Prior to all tests, a stock solution of adenine (1.85 mM) was prepared by mixing adenine and buffer followed by dilution to desired concentrations (10−3 M, 10−4 M, 10−5 M, 10−6 M, 10−7 M or 10−8 M). A zero sample, only buffer, was also prepared. The phage library (10 μL, 1011 phage) was diluted in 1490 μL buffer and aliquoted into eppendorf tubes with 21 μL in each. The aliquoted phage (2.8 × 109 pfu/tube) were treated with all the different adenine concentrations in a total volume of 100 μL for 30 min at 20 °C. Titration was performed as described above. The assay was performed in triplicate of each sample. This procedure was used in order to ensure viability of the phage library in presence of adenine.
2.4. Preparation of Adenine Coated Quartz Crystal Resonators
Quartz Crystal Microbalance resonators (QCM surfaces) sputtered with gold on each side (AT cut, 10 MHz fundamental frequency, 7 mm in diameter), were obtained from Attana AB (Stockholm, Sweden). First, the resonators were cleaned in “piranha” solution (1:3 v/v mixture of 30% H2O2/conc. H2SO4) for 2 min followed by generously rinsing in water and finally once in ethanol (99.7%). The QCM surfaces were immersed in a 5 mM 11-mercaptoundecanoic acid solution in ethanol (99.75%) on a rocking table over night. The surfaces were then rinsed once in ethanol and dried under a stream of dry N2 (g). 9-(2′-hydroxyethyl)adenine (10 mM), DMAP (15 mM) and 1-ethyl-3-(3-dimethylaminopropyl)carbodiimide (EDC, 75 mM) were solved in dry DMF (10 mL) and the QCM resonators were immersed in the solution over night, on a rocking table. Finally, the resonators were rinsed once in chloroform and dried in N2 (g), and were stored dark at 4 °C in eppendorf tubes until use.
2.5. Characterization of Adenine Coated Surfaces
2.5.1. RAIR Spectroscopy
RAIR spectra of the adenine modified Au/quartz resonator surfaces and silicon wafer (used for standardizing the chemistry) were recorded on a Bruker Hyperion 3000 IR microscope attached to a Tensor 27 IR spectrometer and computer-controlled sample stage. The infrared beam was double surface reflected at angles of 52° and 83° to the surface normal using a grazing angle objective. The spectra were obtained from acquisitions of 1000 interferograms collected using a single element mercury-cadmium-telluride (MCT) detector with a resolution of 4 cm−1. During the measurements, inert atmosphere was maintained within the sample chamber by purging with nitrogen gas at positive pressure. A three-term Blackmann–Harris apodization function was applied to the interferograms, prior to the Fourier transformation. Piranha cleaned beads, silicon wafers and/or Au/quartz resonators were used as reference surfaces. The spectra of the adenine modified glass beads were recorded on a Nicolet Avatar instrument.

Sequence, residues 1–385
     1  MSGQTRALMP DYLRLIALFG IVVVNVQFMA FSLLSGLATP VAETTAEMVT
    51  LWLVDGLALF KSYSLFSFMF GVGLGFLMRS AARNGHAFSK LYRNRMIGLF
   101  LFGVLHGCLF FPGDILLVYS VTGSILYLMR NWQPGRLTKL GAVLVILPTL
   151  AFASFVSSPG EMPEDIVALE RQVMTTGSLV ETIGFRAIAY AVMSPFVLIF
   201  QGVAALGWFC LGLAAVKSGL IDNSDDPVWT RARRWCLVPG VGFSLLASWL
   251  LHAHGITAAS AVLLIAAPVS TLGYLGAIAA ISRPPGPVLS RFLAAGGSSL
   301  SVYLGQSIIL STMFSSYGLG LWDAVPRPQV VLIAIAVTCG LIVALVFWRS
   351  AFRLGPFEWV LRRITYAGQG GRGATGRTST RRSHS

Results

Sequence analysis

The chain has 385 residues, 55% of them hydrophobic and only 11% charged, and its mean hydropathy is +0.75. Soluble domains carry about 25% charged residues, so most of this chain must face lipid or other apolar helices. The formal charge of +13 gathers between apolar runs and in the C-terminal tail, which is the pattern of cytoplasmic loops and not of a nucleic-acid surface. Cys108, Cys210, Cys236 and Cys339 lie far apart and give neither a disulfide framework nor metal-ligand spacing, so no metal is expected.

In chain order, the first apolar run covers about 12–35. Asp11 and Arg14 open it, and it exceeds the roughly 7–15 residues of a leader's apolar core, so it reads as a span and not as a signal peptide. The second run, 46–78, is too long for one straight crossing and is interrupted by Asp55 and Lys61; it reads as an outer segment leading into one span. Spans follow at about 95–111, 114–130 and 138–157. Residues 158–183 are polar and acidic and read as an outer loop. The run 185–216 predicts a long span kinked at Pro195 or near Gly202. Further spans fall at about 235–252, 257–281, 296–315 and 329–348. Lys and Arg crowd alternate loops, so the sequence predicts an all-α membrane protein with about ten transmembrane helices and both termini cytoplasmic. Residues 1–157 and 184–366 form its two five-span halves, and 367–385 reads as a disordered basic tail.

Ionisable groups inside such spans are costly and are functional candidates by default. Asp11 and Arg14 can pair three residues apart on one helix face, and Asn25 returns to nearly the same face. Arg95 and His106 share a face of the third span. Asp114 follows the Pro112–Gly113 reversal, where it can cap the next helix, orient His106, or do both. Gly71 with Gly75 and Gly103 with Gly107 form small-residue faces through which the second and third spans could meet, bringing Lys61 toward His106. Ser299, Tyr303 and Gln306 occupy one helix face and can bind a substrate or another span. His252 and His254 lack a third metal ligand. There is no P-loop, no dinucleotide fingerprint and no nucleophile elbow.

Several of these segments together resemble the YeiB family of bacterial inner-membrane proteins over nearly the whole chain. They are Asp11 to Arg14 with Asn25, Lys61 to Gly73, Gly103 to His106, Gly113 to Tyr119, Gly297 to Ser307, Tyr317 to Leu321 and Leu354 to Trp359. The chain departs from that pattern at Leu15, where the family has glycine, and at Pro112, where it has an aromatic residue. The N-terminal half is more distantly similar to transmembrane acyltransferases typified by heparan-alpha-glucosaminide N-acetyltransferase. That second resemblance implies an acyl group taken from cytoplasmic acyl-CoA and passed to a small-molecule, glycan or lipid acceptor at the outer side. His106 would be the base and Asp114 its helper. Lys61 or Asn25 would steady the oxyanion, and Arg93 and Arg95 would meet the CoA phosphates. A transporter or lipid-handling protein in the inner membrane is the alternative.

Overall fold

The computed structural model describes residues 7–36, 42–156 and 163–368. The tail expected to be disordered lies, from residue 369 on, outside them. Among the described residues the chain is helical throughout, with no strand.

Analysis of the adenine coated glass beads show peaks at 1246 cm−1, 1334 cm−1, 1728 cm−1 representing C–O, C–N and C=O functional moieties of the immobilized adenine, see Figure 2. Peaks at 2932 cm−1 and 2851 cm−1 indicate methylene groups of the alkyl backbone. RAIR measurements of the adenine derivatized silicon wafer reveal peaks in 1595–1657 cm−1 and 2858–2925 cm−1 typically for C=O, N–H and C–H stretching modes, which provides evidence of the successful immobilization on glass beads and silicon wafers (Figure 3). In addition, the RAIR spectra trace of the adenine immobilized Au/quartz surface clearly represents C=O, N–H and C–H moieties of adenine, see Figure 4.
X-ray Photoelectron Spectroscopy (XPS) measurements were performed on a Physical Electronics Quantum 2000 Scanning ESCA Microprobe equipped with a monochromatic AlKα X-ray source (hv = 1486.6 eV). The pass energy was 117.40 eV for the survey spectra that was collected in the range 0 to 1100 eV. The Au4f and N1s core level spectra were recorded with 23.50 eV pass energy and 0.1 eV increment. The pressure in the sample chamber was kept constant at 5 × 10−9 mbar. The spectral background was corrected based on Shirley method of data processing and the spectral bands were deconvoluted for different nitrogen atoms.